Personal Equity Plan
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In the United Kingdom a Personal Equity Plan was a form of tax-privileged investment account. They were introduced by Nigel Lawson in the 1986 budget for Margaret Thatcher's Conservative government to encourage equity ownership among the wider population. PEPs were allowed to contain collective investments such as unit trusts. In 1992 a new type of PEP called a single company PEP was introduced only allowed to hold single company shares. To distinguish between the two types the original variety were called general PEPs.
- Growth is free from capital gains tax within the fund and on encashment.
- Income is free from income tax.
Limited contributions and Suitable Assets
There were two types of PEP:
- A general PEP with an annual allowance of £6,000.
- A single company PEP with an annual allowance of £3,000.
Investments in a general PEP were limited to qualifying collective investments. Qualification was previously defined as an investment that invested at least half of its assets in the UK and was later extended to the European Union. The qualification rule for existing PEPs was removed in 2001.
Single company PEPs could be invested in shares in a single company. Additionally Windfall shares received by members from mutual bodies when they became listed companies could also be registered as holdings in a PEP.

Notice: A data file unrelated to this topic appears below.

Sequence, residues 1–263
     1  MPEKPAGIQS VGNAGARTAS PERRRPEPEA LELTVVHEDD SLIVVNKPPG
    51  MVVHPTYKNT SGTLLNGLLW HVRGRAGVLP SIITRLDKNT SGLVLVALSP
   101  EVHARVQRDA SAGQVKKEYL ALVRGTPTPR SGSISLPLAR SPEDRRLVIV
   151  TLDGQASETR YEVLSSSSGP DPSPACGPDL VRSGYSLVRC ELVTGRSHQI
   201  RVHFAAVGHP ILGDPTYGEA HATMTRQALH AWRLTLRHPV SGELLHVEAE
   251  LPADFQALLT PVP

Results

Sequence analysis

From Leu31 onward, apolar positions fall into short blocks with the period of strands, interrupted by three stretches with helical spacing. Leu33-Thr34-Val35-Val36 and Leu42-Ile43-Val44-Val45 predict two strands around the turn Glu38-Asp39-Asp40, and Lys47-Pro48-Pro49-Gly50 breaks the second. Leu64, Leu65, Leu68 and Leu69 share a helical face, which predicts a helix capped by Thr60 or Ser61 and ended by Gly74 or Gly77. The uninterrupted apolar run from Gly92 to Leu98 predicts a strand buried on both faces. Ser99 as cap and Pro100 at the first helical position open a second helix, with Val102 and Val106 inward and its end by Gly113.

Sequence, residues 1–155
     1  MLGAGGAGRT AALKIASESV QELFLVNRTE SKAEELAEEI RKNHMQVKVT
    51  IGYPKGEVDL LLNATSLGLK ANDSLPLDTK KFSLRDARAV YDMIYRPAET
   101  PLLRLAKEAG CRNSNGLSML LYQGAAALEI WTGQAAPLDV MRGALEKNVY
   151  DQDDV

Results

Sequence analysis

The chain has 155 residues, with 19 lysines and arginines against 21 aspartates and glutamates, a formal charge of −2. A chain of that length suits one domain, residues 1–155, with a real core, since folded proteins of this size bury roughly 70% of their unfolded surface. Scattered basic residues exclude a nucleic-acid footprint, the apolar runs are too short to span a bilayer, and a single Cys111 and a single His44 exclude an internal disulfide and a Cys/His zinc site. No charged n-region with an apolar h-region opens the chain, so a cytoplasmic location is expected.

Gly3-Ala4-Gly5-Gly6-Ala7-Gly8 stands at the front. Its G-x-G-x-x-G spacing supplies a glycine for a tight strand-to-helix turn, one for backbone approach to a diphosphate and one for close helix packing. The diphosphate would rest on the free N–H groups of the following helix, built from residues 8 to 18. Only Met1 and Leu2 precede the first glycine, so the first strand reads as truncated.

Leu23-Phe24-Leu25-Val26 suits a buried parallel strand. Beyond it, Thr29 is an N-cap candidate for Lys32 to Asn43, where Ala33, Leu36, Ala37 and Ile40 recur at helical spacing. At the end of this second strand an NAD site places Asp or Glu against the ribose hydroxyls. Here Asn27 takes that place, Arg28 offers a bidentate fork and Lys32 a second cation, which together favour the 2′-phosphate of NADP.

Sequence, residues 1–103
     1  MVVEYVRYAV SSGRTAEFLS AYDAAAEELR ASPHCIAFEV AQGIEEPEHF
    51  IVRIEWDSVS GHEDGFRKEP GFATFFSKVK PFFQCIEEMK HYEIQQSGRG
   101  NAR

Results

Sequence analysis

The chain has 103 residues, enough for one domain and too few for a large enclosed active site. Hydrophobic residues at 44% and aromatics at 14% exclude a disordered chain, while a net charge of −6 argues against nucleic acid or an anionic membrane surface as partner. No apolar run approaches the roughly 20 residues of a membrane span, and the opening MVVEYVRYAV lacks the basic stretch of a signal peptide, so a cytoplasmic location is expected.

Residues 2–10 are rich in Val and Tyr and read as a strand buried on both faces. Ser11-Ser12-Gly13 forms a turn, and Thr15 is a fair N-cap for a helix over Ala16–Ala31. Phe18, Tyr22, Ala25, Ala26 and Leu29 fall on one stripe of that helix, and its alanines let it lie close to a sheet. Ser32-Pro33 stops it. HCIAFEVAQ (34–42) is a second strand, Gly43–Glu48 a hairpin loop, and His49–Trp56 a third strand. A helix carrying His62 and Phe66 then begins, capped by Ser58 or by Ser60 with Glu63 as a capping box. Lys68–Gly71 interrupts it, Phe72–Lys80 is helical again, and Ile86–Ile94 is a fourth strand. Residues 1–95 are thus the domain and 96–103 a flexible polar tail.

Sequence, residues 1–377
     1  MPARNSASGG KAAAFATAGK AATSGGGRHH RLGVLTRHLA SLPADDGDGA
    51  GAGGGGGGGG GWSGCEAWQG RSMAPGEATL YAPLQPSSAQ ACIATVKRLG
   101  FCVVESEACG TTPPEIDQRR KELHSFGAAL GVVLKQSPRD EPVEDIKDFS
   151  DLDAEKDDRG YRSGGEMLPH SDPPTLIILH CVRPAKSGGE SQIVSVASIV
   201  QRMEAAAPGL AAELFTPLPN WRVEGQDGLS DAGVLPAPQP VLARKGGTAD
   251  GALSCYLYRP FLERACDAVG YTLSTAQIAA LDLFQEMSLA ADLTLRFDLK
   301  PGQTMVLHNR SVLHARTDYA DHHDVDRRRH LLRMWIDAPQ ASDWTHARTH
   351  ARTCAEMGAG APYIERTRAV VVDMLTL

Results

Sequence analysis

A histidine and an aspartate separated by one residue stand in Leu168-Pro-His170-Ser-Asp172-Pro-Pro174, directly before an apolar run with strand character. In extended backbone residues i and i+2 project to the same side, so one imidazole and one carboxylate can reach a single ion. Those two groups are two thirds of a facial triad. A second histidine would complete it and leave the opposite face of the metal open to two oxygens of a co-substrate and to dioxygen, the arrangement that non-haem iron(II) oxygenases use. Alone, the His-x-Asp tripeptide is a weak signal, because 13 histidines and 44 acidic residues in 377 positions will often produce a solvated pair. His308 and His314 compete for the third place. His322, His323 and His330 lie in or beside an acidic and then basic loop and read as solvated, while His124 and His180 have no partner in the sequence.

Erosion of tax privileges
From 6 April 1999, the Advanced Corporation Tax relief on share dividends received on a PEP was halved, partially ending their tax exempt status. From 6 April 2004 all relief on dividends was removed, although no additional tax on a higher rate was due where otherwise it might have been. Gains on capital and all other forms of income such as cash interest and bond income remained tax free. Significant cash holdings for any length of time were discouraged by the HM Revenue and Customs and the holdings in a PEP were supposed to be largely based on shares or corporate bonds.
Following the introduction of Individual Savings Accounts on 6 April 1999 by the Labour government, no new contributions could be made into PEPs. Existing funds retained their tax privileges and could be transferred to alternative managers. Furthermore, the distinction between general and single company PEPs was removed allowing more freedom of movement.
On 6 April 2008 PEP accounts automatically became stocks and shares ISAs.